Deploy web app with Let's Encrypt certificate using Kubernetes cert-manager

by Puzl Team
Last updated on 08 Sep, 2021

This article shows how to deploy your web application (HTTP server), and securely expose it to the Internet over HTTPS protocol.

Requirements

  1. kubectl and Helm must be installed on your computer. If you’re using Puzl, you may find the personalised config, necessary to set up kubectl, in the API section of the Dashboard.
  2. Kubernetes cluster must support Services with loadBalancer type and have cert-manager installed. On Puzl, both load balancers and cert-manager are already available in your free Kubernetes namespace out of the box.
  3. Your application must be containerized (packed in a Docker image), pushed to a Docker registry, and support HTTP protocol. The application itself does not have to support SSL or TLS: it will be running behind the Nginx ingress controller connected by HTTP, so you don’t need to tune anything in your code.

‼︎ Caution: Performing the following steps will result in requesting computing resources from the Kubernetes cluster.

Setup ingress controller

  1. Deploy NGINX Ingress Controller using Helm, and create a load balancer with a dedicated IP address, which is allocated automatically if you use Puzl.
helm repo add ingress-nginx https://kubernetes.github.io/ingress-nginx
helm repo update
helm install <controller_name> ingress-nginx/ingress-nginx \
--namespace <namespace_name> \
--version 3.29.0 \
--set controller.image.digest="" \
--set controller.ingressClass=<ingress_name> \
--set controller.replicaCount=1 \
--set controller.scope.enabled=true \
--set controller.resources.requests.cpu=100m \
--set controller.resources.requests.memory=256Mi \
--set controller.resources.limits.cpu=100m \
--set controller.resources.limits.memory=256Mi \
--set controller.admissionWebhooks.enabled=false \
--set controller.nodeSelector="" \
--set rbac.create=false \
--set podSecurityPolicy.enabled=false \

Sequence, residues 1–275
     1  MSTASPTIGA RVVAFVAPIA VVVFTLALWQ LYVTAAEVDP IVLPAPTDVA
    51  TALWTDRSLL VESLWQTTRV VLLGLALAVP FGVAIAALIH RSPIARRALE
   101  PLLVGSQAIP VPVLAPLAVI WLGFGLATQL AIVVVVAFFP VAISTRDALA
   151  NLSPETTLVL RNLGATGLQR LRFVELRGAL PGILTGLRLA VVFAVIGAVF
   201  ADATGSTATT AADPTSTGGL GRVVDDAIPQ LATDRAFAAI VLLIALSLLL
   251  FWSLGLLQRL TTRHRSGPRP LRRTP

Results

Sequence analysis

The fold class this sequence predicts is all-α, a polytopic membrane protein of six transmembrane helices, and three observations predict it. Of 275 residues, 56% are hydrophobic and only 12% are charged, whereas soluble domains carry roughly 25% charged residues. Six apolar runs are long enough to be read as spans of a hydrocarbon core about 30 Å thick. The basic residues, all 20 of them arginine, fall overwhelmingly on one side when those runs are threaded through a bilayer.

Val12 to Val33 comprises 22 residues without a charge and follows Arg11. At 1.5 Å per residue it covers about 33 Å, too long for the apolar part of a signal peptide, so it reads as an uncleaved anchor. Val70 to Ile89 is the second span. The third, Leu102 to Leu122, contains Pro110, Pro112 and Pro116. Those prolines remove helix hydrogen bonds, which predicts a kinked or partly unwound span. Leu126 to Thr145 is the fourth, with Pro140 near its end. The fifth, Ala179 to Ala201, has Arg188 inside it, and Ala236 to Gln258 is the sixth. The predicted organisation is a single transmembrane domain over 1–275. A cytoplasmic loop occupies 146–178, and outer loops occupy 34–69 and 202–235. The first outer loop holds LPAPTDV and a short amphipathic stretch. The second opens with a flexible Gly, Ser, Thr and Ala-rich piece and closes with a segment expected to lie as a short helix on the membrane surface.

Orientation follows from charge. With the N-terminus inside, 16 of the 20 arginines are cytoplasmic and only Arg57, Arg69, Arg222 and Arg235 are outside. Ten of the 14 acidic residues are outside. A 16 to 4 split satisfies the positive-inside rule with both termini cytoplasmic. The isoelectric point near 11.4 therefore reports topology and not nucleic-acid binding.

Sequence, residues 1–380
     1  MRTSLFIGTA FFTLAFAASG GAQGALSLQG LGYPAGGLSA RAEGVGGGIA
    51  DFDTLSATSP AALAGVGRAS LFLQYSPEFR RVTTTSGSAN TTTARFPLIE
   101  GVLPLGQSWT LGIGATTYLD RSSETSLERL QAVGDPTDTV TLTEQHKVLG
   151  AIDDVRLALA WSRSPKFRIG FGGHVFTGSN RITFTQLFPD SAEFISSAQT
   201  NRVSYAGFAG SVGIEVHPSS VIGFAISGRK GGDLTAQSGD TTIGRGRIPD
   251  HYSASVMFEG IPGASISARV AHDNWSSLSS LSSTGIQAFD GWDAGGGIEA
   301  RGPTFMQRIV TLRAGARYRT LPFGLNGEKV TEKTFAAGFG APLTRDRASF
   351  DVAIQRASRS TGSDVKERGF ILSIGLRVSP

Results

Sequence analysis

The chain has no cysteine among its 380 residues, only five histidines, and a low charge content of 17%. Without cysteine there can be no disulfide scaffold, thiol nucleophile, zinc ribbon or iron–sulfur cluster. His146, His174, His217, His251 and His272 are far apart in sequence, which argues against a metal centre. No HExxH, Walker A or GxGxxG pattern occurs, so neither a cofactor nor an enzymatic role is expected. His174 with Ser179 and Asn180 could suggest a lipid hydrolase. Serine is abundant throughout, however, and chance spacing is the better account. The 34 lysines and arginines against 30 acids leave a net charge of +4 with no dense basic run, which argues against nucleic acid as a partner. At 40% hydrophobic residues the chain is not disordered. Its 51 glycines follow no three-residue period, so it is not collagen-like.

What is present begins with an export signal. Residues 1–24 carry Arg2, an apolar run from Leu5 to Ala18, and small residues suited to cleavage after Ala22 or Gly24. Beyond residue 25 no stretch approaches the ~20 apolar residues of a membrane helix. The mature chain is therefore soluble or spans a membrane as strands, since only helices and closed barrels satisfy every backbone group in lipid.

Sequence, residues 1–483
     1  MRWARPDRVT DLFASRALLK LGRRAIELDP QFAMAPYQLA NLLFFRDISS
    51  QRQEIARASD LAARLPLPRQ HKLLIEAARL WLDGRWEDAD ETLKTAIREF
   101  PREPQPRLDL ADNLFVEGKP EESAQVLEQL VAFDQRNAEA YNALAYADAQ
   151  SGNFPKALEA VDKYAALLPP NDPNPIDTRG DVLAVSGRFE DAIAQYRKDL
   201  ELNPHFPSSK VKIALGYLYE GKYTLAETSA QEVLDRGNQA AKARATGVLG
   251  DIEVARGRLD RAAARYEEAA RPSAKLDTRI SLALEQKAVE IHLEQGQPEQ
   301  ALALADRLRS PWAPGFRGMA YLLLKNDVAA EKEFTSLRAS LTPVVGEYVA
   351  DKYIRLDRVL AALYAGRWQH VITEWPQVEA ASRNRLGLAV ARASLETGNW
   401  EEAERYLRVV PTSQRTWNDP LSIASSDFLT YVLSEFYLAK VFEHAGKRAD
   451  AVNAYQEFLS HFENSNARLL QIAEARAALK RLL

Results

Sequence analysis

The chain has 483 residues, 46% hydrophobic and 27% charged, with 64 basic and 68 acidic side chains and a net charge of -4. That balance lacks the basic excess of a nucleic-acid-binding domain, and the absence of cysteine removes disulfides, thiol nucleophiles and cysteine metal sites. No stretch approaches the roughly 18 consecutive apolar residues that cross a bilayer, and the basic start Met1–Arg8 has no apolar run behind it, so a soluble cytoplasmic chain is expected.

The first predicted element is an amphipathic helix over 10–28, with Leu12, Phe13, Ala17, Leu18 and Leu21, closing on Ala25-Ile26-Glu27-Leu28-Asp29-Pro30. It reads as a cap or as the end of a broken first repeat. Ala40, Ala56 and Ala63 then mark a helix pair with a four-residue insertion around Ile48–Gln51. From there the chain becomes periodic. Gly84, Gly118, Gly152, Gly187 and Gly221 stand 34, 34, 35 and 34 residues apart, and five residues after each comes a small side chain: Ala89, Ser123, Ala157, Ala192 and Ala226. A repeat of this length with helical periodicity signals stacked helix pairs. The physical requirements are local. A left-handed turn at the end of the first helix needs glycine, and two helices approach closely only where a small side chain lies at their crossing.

--set serviceAccount.create=false \
--set serviceAccount.name=user \
--atomic \
--timeout 600s
  • <controller_name> — unique name for the controller
  • <namespace_name> — if you’re using Puzl, you’ll find it in the API section in your Puzl Dashboard
  • controller.ingressClass=<ingress_name> — class name for ingress object must be unique. On Puzl, the name ‘nginx’ is reserved and cannot be used.
  • serviceAccount.name=user — name of the account with the permissions to access API, user is your service account name on Puzl.

The following flags are relevant in case you’re using Puzl:

  • controller.replicaCount=1
  • controller.scope.enabled=true — tell the controller to look for ingress resources only in your namespace.
  • controller.admissionWebhooks.enabled=false
  • rbac.create=false — do not give excess permissions to create roles and role bindings
  • podSecurityPolicy.enabled=false
  • serviceAccount.create=false

After performing the step, you can get Pod and Service using kubectl or you should see a Pod and a TCP/UDP Balancer in your dashboard if you’re using Puzl.

In case of troubles check out NGINX Ingress Controller Troubleshooting.

Get external IP of load balancer

  1. To get IP, get list of Kubernetes Services in your namespace and find EXTERNAL-IP.
kubectl -n <namespace_name> get service <controller_name>-ingress-nginx-controller
  1. Check that IP is accessible from outside.
curl <external_ip>

Expected response:

<html>
<head><title>404 Not Found</title></head>
<body>
<center><h1>404 Not Found</h1></center>
<hr><center>nginx</center>
</body>
</html>
  1. Assuming that you already own a custom domain, create DNS ‘A’ record to match your domain or its subdomain to a given IP address.

Create cert issuer to request TLS certificate from Let’s Encrypt